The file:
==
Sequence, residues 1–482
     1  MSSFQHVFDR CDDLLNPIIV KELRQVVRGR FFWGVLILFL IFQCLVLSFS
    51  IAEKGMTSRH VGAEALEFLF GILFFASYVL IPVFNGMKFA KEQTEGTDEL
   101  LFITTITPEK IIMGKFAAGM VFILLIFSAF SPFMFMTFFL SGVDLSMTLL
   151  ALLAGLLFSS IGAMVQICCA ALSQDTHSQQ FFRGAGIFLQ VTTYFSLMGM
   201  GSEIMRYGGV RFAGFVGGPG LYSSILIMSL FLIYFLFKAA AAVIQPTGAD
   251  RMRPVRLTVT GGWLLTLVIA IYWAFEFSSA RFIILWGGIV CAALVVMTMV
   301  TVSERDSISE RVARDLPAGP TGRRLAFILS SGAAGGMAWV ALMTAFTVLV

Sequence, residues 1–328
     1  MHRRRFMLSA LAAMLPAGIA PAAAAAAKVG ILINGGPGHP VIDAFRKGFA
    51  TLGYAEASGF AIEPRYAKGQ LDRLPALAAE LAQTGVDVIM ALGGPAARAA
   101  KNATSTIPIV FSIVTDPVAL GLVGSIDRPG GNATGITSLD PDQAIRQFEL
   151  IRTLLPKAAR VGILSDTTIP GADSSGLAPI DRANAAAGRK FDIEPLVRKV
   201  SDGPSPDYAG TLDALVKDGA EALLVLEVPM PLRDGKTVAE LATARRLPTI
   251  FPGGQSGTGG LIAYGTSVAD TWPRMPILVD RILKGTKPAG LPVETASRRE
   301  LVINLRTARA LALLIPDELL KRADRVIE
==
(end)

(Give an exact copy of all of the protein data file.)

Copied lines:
Sequence, residues 1–482
     1  MSSFQHVFDR CDDLLNPIIV KELRQVVRGR FFWGVLILFL IFQCLVLSFS
    51  IAEKGMTSRH VGAEALEFLF GILFFASYVL IPVFNGMKFA KEQTEGTDEL
   101  LFITTITPEK IIMGKFAAGM VFILLIFSAF SPFMFMTFFL SGVDLSMTLL
   151  ALLAGLLFSS IGAMVQICCA ALSQDTHSQQ FFRGAGIFLQ VTTYFSLMGM
   201  GSEIMRYGGV RFAGFVGGPG LYSSILIMSL FLIYFLFKAA AAVIQPTGAD
   251  RMRPVRLTVT GGWLLTLVIA IYWAFEFSSA RFIILWGGIV CAALVVMTMV
   301  TVSERDSISE RVARDLPAGP TGRRLAFILS SGAAGGMAWV ALMTAFTVLV

Sequence, residues 1–328
     1  MHRRRFMLSA LAAMLPAGIA PAAAAAAKVG ILINGGPGHP VIDAFRKGFA
    51  TLGYAEASGF AIEPRYAKGQ LDRLPALAAE LAQTGVDVIM ALGGPAARAA
   101  KNATSTIPIV FSIVTDPVAL GLVGSIDRPG GNATGITSLD PDQAIRQFEL
   151  IRTLLPKAAR VGILSDTTIP GADSSGLAPI DRANAAAGRK FDIEPLVRKV
   201  SDGPSPDYAG TLDALVKDGA EALLVLEVPM PLRDGKTVAE LATARRLPTI
   251  FPGGQSGTGG LIAYGTSVAD TWPRMPILVD RILKGTKPAG LPVETASRRE
   301  LVINLRTARA LALLIPDELL KRADRVIE